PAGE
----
Is This Beginning to Look Like a Depression?

Not to beat a dead horse, but the litany of bad economic news continues to pile on.  Citigroup, which traded not that long ago for over $55 per share, actually dropped below $1 for a while during trading on Thursday.  The losses at General Motors are so great that this one-time lynchpin of American manufacturing may soon declare bankruptcy.  The Dow Jones Industrials average is now down by well over 50% from its peak in October, 2007.  Remarkably, even free market advocates Alan Greenspan and James Baker talk of either temporary nationalization of major banks or something close to it. . . .  Comrade Greenspan?!?!   

So, with all this dire news, a lot of folks are beginning to wonder if this downturn is something more than your ordinary recession — usually defined as at least two consecutive quarters in which GDP (gross domestic product) declines.  Some are even beginning to say “the d-word” (i.e., depression), a longer and deeper type of recession with at least a 10% decline in GDP, and the abruptness of recent job losses as well as the severity of the banking crisis have certainly set people wondering.  Take a look at this article from MSNBC; and here and here at articles from CNBC.  And here’s another late article from MSNBC which suggests the current downturn is at least likely to be the longest recession of the post-WWII period.

In this Wall Street Journal article, Harvard economist Robert Barro examines historical data in order to evaluate the odds of a depression and concludes there is at least a one-in-five chance of a 10% decline in GDP (a day later he upped this to a 30% chance!) and thus of what he calls a “minor depression” (a major depression would be a 25%+ fall in GDP).  We’re certainly not there yet, but nonetheless the revised GDP did fall a stunning 6.2% in the fourth quarter of last year, and the first quarter of 2009 likely shapes up to be just as bad, if not worse.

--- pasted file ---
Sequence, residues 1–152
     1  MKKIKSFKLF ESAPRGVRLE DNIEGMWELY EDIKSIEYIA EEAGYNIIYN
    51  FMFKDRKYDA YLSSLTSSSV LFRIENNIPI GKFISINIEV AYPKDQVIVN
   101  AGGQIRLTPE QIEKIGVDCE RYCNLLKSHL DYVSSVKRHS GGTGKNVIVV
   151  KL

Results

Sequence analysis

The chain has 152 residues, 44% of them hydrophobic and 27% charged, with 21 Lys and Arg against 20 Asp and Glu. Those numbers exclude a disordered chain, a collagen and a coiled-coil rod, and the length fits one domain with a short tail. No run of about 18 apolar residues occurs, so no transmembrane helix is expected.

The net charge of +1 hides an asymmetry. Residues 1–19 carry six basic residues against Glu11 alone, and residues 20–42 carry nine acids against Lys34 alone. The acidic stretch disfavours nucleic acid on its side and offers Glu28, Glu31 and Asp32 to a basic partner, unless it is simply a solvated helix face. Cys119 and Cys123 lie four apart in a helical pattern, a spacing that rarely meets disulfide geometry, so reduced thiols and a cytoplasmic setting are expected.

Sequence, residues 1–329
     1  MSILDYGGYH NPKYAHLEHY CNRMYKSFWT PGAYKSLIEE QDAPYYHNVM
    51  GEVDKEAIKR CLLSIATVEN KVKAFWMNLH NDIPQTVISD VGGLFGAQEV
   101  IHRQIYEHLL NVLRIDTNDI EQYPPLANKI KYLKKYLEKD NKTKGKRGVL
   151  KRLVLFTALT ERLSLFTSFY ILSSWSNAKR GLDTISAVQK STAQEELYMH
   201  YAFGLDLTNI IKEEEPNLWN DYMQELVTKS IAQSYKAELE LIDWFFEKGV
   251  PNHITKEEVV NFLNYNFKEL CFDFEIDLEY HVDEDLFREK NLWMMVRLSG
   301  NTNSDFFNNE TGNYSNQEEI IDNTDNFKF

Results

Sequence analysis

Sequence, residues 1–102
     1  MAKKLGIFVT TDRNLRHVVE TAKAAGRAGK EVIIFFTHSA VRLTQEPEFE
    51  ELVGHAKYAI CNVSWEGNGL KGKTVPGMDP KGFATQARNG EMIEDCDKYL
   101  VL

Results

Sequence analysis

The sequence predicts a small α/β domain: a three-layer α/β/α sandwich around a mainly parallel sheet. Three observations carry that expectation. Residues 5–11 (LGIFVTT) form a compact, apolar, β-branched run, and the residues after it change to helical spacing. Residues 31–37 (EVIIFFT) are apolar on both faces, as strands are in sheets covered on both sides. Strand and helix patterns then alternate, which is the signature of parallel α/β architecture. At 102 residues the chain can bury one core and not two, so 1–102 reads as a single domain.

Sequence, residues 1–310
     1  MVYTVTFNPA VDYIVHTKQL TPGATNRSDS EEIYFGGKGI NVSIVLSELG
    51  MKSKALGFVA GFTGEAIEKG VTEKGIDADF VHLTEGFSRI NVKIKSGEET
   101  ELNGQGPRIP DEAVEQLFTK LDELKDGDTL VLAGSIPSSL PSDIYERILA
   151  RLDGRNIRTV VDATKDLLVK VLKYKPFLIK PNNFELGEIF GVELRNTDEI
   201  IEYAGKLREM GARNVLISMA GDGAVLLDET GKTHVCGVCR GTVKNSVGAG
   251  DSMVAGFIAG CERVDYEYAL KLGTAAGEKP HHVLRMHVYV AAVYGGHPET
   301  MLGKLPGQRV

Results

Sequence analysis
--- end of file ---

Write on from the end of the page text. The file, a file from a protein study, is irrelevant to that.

Princeton economist Paul Krugman points to something else:  the “zero lower bound,” i.e., that the Federal Funds Rate has dropped to more or less zero.  Though I’m certainly no economist, I take Krugman’s point to be the fact that we’ve run out of monetary options with which to stimulate the economy, and this is the same thing that happened in the 1930s.  Take a look at this graph from Krugman’s blog.  (By the way, I’m just now reading Krugman’s Return of Depression Economics and the Crisis of 2008, and it’s quite good.)    

In addition to Krugman’s book (which is now “on order” by the library), we’re beginning to build up quite a few titles relating to the current economic crisis.  These include:  The Great Depression Ahead:   How to Prosper in the Crash Following the Greatest Boom in History by Harry S. Dent; The New Paradigm for Financial Markets:  The Credit Crisis of 2008 and What it Means by George Soros; Panic:  The Story of Modern Financial Insanity, edited by Michael Lewis; Contagion:  The Financial Epidemic That is Sweeping the Global Economy–and How to Protect Yourself from It by John R. Talbott; The Wall Street Journal Guide to the End of Wall Street as We Know It:  What You Need to Know About the Greatest Financial Crisis of Our Time– and How to Survive It by Dave Kansas; Crash Proof:  How to Profit from the Coming Economic Collapse by Peter D. Schiff with John Downes; Chain of Blame:  How Wall Street Caused the Mortgage and Credit Crisis by Paul Muolo and Mathew Padilla; Obama’s Challenge:  America’s Economic Crisis and the Power of a Transformative Presidency by Robert Kuttner; Mr. Market Miscalculates:  The Bubble Years and Beyond by James Grant; Dangerous Business:  The Risks of Globalization for America by Pat Choate; and Bad Money:  Reckless Finance, Failed Politics, and the Global Crisis of American Capitalism by Kevin Phillips.

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6 Responses

  1. […] The library doesn’t own anything by Simon Johnson, but we do have plenty of books on the financial crisis by other authors.  For a recent list, please link to this previous post. […]

  2. […] And this previous post includes a list of our recent titles pertinent to the financial crisis. […]

  3. […] again, this previous post includes links to some recent works on the financial crisis owned by Greensboro Public […]

  4. […] works on this topic can be found at this previous post. Possibly related posts: (automatically generated)Guilford County Unemployment Rate Drops to […]

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  5. […] what must have been the darkest days of the financial crisis, we wondered in this blog if we were on the verge of a depression.  I’ve since gotten used to calling this period of economic woe the Great Recession, but […]

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